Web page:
‘Tis the season for New Year’s resolutions … and maybe a few lingering regrets. If you’re like most Americans, you plan on tackling both this year.
Student Loan Hero conducted a survey to find out what the biggest New Year’s resolutions are for 2016, as well as the financial decisions Americans regret most from 2015.
Find out how you compare and what you can do to crush your 2016 goals.
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Top New Year’s Resolutions for 2016
If you had to choose, would you focus on your health, career, finances, or something entirely different this year? We asked, and America answered.
Which of the following most closely fits your most important 2016 resolution:
- Get in shape/eat healthy: 37.7%
- Travel more: 16.7%
- Be more financially responsible: 15.8%
- Create a better work/life balance: 14.6%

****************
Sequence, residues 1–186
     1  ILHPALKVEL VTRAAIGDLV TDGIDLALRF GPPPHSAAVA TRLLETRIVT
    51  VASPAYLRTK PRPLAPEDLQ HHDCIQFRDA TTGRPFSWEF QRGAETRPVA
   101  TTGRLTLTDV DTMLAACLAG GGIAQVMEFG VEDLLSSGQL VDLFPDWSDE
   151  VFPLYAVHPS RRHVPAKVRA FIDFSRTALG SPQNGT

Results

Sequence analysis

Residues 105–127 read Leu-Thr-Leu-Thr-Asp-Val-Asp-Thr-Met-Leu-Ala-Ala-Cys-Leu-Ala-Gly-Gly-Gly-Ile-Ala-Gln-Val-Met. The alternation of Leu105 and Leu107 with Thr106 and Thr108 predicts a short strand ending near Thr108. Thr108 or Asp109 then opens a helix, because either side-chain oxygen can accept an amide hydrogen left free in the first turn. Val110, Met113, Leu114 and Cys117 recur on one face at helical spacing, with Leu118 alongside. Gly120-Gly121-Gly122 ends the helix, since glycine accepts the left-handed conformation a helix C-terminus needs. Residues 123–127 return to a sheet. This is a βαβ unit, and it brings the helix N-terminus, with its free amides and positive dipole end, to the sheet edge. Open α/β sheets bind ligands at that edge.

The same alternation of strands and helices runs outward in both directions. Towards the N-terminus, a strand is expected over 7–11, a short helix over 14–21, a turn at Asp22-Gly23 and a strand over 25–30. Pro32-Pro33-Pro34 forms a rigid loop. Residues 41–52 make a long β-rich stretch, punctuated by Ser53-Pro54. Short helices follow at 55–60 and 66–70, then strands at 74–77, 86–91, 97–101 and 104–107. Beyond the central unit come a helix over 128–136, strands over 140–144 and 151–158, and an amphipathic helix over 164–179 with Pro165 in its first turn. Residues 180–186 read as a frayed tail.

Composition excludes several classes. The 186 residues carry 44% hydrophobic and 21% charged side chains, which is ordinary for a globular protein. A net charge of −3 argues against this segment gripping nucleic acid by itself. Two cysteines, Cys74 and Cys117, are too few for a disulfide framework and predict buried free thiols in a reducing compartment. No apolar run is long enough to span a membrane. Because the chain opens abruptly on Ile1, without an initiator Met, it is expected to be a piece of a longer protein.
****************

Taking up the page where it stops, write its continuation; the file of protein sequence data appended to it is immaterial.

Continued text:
- Do more charity work/volunteer: 7.7%
- Get a promotion/change jobs: 7.5%
Health Is Top Resolution
Nearly 38 percent of Americans plan to put their health above everything else in 2016, selecting “get in shape/eat healthy” as their top New Year’s resolution. And it makes sense — about the same number of U.S. adults (35.7 percent) are considered to be clinically obese. Here’s to more salads and cardio in 2016.
But America’s obesity rate is not the only frightening number we face today. We’re taking on way too much debt as a country.
Finances Take a Back Seat
Consider that U.S. cardholders carry an average credit card balance of $5,234. According to the Federal Reserve, total outstanding consumer debt was a whopping $3.34 trillion as of February 2015 — excluding home loans! That number does, however, include the pesky $1.2 trillion in student loan debt that plagues more than 40 million Americans.
So, perhaps surprisingly, the resolution to “be more financially responsible” only made third place among all resolutions, also beat out by “travel more,” which got 16.7 percent of responses.
Interestingly, the least popular New Year’s resolution was “get a promotion/change jobs.” In fact, a greater number of people would rather give more of their time and money to charity than improve their job situations. Yet according to a recent Gallup poll, 70 percent of U.S. workers are dissatisfied with their jobs.